Closed-circuit television (CCTV) cameras can produce images or recordings for surveillance purposes, and can be either video cameras, or digital stills cameras. Marie Van Brittan Brown was the inventor of the CCTV camera.
Video cameras are either analogue or digital, which means that they work on the basis of sending analogue or digital signals to a storage device such as a video tape recorder or desktop computer or laptop computer.
Can record straight to a video tape recorder which are able to record analogue signals as pictures. If the analogue signals are recorded to tape, then the tape must run at a very slow speed in order to operate continuously. This is because in order to allow a three hour tape to run for 24 hours, it must be set to run on a time lapse basis which is usually about four frames a second. In one second, the camera scene can change dramatically. A person for example can have walked a distance of 1 meter, and therefore if the distance is divided into four parts, i.e. four frames or “snapshots” in time, then each frame invariably looks like a blur, unless the subject keeps relatively still.
Analogue signals can also be converted into a digital signal to enable the recordings to be stored on a PC as digital recordings. In that case the analogue video camera must be plugged directly into a video capture card in the computer, and the card then converts the analogue signal to digital. These cards are relatively cheap, but inevitably the resulting digital signals are compressed 5:1 (MPEG compression) in order for the video recordings to be saved on a continuous basis.
Another way to store recordings on a non-analogue media is through the use of a digital video recorder (DVR). Such a device is similar in functionality to a PC with a capture card and appropriate video recording software. Unlike PCs, most DVRs designed for CCTV purposes are embedded devices that require less maintenance and simpler setup than a PC-based solution, for a medium to large number of analogue cameras.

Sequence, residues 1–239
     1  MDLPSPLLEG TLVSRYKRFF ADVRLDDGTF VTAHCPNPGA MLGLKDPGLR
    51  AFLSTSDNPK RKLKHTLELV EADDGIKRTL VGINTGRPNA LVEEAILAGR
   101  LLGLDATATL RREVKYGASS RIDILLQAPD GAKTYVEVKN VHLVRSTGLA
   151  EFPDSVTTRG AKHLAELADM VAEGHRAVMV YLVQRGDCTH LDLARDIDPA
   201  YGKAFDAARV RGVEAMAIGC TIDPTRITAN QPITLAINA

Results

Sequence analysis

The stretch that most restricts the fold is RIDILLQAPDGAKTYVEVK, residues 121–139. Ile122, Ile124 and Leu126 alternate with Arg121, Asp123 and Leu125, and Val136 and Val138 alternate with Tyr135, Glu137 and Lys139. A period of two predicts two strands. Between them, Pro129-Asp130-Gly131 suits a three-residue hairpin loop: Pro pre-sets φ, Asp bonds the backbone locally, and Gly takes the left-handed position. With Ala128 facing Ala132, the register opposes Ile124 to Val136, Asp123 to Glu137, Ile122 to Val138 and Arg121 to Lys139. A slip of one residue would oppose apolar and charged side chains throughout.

Some DVRs also allow digital broadcasting of the video signal, thus acting like a network camera. If a device does allow broadcasting of the video, but does not record it, then it’s called a video server. These devices effectively turn any analogue camera (or any analogue video signal) into a network TV.
These cameras do not require a video capture card because they work using a digital signal which can be saved directly to a computer. The signal is compressed 5:1, but DVD quality can be achieved with more compression (MPEG-2 is standard for DVD-video, and has a higher compression ratio than 5:1, with a slightly lower video quality than 5:1 at best, and is adjustable for the amount of space to be taken up versus the quality of picture needed or desired). The highest picture quality of DVD is only slightly lower than the quality of basic 5:1-compression DV.
Saving uncompressed digital recordings takes up an enormous amount of hard drive space, and a few hours of uncompressed video could quickly fill up a hard drive. Holiday uncompressed recordings may look fine but one could not run uncompressed quality recordings on a continuous basis. Motion detection is therefore sometimes used as a work around solution to record in uncompressed quality.
However, in any situation where standard-definition video cameras are used, the quality is going to be poor because the maximum pixel resolution of the image chips in most of these devices is 320,000 pixels (analogue quality is measured in TV lines but the results are the same); they generally capture horizontal and vertical fields of lines and blend them together to make a single frame; the maximum frame rate is normally 30 frames per second.
That said, multi-megapixel IP-CCTV cameras are coming on the market. Still quite expensive, but they can capture video images at resolutions of 1, 2, 3, 5 and even up to 11 Mpix. Unlike with analogue cameras, details such as number plates are easily readable. At 11 Mpix, forensic quality images are made where each hand on a person can be distinguished. Because of the much higher resolutions available with these types of cameras, they can be set up to cover a wide area where normally several analogue cameras would have been needed.
Because network cameras are embedded devices, and do not need to output an analogue signal, resolutions higher than CCTV analogue cameras are possible. A typical analogue CCTV camera has a PAL (768×576 pixels) or NTSC (720×480 pixels), whereas network cameras may have VGA (640×480 pixels), SVGA (800×600 pixels) or quad-VGA (1280×960 pixels, also referred to as “megapixel”) resolutions.
An analogue or digital camera connected to a video server acts as a network camera, but the image size is restricted to that of the video standard of the camera. However, optics (lenses and image sensors), not video resolution, are the components that determine the image quality.
Network cameras can be used for very cheap surveillance solutions (requiring one network camera, some Ethernet cabling, and one PC), or to replace entire CCTV installations (cameras become network cameras, tape recorders become DVRs, and CCTV monitors become computers with TFT screens and specialised software. Digital video manufacturers claim that turning CCTV installations into digital video installations is inherently better).
There continues to be much debate over the merits and price-for-performance of Network cameras as compared to analog cameras. Many in the CCTV industry claim that many analog cameras can outperform network cameras at a lower price.